The doctor and his "team" came into Tyler's room, and I wasn't sure how to feel. Why did his whole team join him? Was it unexpected bad news? Was it routine when providing a diagnosis? I suddenly felt sick to my stomach. I was scared, I knew something wasn't quite right. Then he explained to us that although he consulted so many prestigous doctors around the country, whose opinions' he truly trusted, no one could agree on a diagnosis for Tyler. I am sure this was a severe disappointment to him, but because he was Tyler's doctor, he would have to make the decision on what to do. We all knew that whatever he decided, Tyler's fate was truly in his hands, but we trusted him. So...he made the very difficult decision, which he later told us was a gut feeling, to treat Tyler as if he was diagnosed with ALL, which is defined as Acute Lymphocytic Leukemia. He also added that during all the testing that had been done, they discovered that Tyler had T-Cell ALL, which is an extremely aggresive form of Leukemia and more rare. I was thinking to myself, "Of course it's rare, everything about Tyler's case is rare". I couldn't stop wondering why this was happening to us. I really didn't know what T-Cell ALL meant in terms of cure rate. But I did later find out that this form of Leukemia is harder to treat and attacks the t-cells, thus the name. Because of the obscurities in Tyler's case, there were no known treatment protocols in place. So, after making the tough decision to treat Tyler as if he had T-Cell ALL, and knowing that he had Myloid cells present in his bone marrow, the doctor created a protocol for Tyler. This protocol followed many of the same procedures as the original T-Cell ALL protocol but he added more intense aspects to it. I was handed a binder with 2 1/2 years worth of treatment for Tyler. But we needed to get past the first step before we even proceeded and that was to get Tyler into remission.
In order to begin the Induction phase of the treatment protocol, Tyler had to have a central line placed in his chest which is called a Broviac device. This will remain in place for the duration of treatment and will help facilitate the administration of chemotherapy which occured on a weekly basis for a 2 1/2 year time frame. The Broviac device that Tyler received had tubing the was placed under the skin near his corroded artery and exited his body through a small hole in his chest. The tubing that protruded from his chest had two 2 lumens, or 2 portals. They hung about 2 feet from his body but we twisted and taped the tubed to his chest to keep them in place and under bandaging. I had to clean the skin around the hole every other day, in a very meticulous fashion to prevent infection, which was something that Tyler ALWAYS resisted. It was not comfortable for him and it truly made me nervous that he could get an infection based on a mistake I could make with cleaning. So, the Broviac was in place, and now we could begin chemotherapy.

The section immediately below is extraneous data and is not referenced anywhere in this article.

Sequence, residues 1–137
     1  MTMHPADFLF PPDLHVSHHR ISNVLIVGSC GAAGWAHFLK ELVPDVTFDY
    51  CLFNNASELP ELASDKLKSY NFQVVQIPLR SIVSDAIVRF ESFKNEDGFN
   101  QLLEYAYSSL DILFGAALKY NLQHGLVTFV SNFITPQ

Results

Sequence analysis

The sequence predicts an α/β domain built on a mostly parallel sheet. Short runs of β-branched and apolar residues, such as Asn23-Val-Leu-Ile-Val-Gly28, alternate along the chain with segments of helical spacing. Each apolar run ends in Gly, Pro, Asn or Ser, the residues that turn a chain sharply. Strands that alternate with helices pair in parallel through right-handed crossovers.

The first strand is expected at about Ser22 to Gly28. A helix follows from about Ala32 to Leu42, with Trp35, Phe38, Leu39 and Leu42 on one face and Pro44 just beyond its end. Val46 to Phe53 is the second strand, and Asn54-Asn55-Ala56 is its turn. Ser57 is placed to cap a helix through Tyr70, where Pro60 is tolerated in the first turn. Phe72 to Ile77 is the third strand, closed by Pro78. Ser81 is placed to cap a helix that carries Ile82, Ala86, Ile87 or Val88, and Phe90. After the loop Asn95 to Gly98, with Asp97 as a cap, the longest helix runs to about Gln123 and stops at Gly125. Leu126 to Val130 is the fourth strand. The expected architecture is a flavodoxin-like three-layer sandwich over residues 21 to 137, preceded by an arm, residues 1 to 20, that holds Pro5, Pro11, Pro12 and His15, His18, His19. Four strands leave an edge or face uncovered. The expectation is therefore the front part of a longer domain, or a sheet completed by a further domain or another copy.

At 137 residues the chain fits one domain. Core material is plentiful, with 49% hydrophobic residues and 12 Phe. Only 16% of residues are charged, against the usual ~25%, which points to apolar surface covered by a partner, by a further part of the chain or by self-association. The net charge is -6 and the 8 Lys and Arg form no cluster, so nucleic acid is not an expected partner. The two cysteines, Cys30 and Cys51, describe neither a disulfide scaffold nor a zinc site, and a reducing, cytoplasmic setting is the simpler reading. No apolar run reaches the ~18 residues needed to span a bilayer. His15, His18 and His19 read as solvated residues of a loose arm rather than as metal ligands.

The first phase of treatment is called Induction. On December 20th, 2001, Tyler was given his first round of chemotherapy. He was givent the following agents: Vincristine, Doxorubicin, Prednisone, and Intra-thecal Methotrexate. However, because we were not sure of his reaction from these chemotherapy drugs, Tyler was given antiemetics to help prevent nausea. He was also always given Bactrim, routinely, which is an antibiotic. His first round of chemotherapy was complete. The most memorable moment of his first treatment was when Tyler came back from the treatment room, he felt hungry and insisted on eating Cheetos, which had always been one of his favorites. He probably ate half the bag and then mentioned that he was feeling a bit sick to his stomach. We knew it was the chemotherapy and before you know it, the cheetos Tyler had just eaten were on the floor. I don't think he ate Cheetos for a long time after that.
As we approached Christmas day, we were told that if Tyler's blood counts were in a safe level, we would be able to go home. Every morning, a nurse came in to draw blood to measure these counts. The numbers they paid attention to the most were the ANC, which I mentioned earlier, the white blood cell count, red blood cell count, platelet count, and I am sure other numbers that were less significant to us. It was Christmas eve and Tyler's numbers looked good so we were able to go home and enjoy Christmas morning with our family together. Because his ANC was still pretty low, and vulnerable to bacteria, he was not able to leave the house that day, nor have any visitors with any illness inside the house. We were so careful because Tyler refused to wear a mask which would certainly be helpful and we didn't want to end up in the hospital so soon after we left.
It was a bitter sweet day, Christmas 2001, because although I had my son home, which made me so happy, I was still so worried about whether by the end of Induction, which lasted 1 month long, Tyler would go into remission. This was one of the main markers to whether Tyler would make it or not. I tried not to think about it, that day, and focused on how important my family was to me, and told myself at that moment to NEVER take anything for granted.